Scientists using the Hubble and Spitzer space telescopes have spotted the faintest object ever seen in the early universe. Named Tayna, the compact galaxy was one of 22 such objects recently found thanks to an intriguing physics trick – a natural magnifying lens in space.

The tiny young galaxy existed just 400 million years after the Big Bang. Because it’s so far away, we’re seeing Tayna as it was back in the early days of the universe. Researchers believe that we may have caught it in the process of growing into a fully-sized galaxy.

Tayna (meaning “first-born” in Aymara, a language spoken in the Andes) is about the same size as the Large Magellanic Cloud, a satellite of the Milky Way about 14,000 light years across. But it’s making stars about 10 times faster.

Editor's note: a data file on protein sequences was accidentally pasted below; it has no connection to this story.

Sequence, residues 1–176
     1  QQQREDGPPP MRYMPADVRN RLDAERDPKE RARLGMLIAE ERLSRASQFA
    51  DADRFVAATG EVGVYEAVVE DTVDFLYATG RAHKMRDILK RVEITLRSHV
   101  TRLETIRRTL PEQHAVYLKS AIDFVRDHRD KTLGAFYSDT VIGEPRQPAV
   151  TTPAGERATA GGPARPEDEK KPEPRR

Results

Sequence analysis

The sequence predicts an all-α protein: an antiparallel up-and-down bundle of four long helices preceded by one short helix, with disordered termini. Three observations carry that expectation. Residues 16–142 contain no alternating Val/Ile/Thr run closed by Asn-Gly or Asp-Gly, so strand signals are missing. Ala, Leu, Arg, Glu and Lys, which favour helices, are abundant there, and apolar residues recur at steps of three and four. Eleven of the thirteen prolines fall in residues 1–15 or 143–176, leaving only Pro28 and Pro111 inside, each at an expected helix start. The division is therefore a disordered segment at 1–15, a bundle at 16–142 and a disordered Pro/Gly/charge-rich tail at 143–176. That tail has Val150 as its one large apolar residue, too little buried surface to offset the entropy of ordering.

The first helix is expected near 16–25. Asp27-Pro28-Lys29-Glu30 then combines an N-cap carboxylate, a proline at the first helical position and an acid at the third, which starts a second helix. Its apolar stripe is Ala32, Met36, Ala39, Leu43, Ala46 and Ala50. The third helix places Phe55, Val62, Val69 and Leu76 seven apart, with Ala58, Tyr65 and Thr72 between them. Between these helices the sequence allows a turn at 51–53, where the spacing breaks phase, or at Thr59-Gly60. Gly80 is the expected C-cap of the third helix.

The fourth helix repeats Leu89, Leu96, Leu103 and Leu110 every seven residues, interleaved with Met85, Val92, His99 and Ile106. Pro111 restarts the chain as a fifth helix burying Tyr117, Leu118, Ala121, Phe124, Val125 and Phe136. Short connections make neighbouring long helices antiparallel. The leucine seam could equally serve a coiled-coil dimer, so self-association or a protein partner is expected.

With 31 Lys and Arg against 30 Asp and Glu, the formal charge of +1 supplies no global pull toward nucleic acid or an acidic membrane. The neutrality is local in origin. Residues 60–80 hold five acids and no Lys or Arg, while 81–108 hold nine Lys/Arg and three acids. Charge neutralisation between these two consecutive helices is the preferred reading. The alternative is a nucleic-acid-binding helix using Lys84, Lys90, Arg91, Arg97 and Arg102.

With space telescopes getting better and better – and scientists developing more and more techniques with which to use them – we’re now starting to uncover some of the punier galaxies.

The secret behind Tayna’s discovery (and that of the other 21 faint objects, all described Thursday in The Astrophysical Journal) is a phenomenon called gravitational lensing. Massive clusters of galaxies have a warping effect on the light that passes through them, much like a magnifying glass does. When a distant object is positioned just so – so that, from Earth’s perspective, the massive cluster is in front of the more distant object – it’s as if our space telescopes are looking into a magnified version of distant space.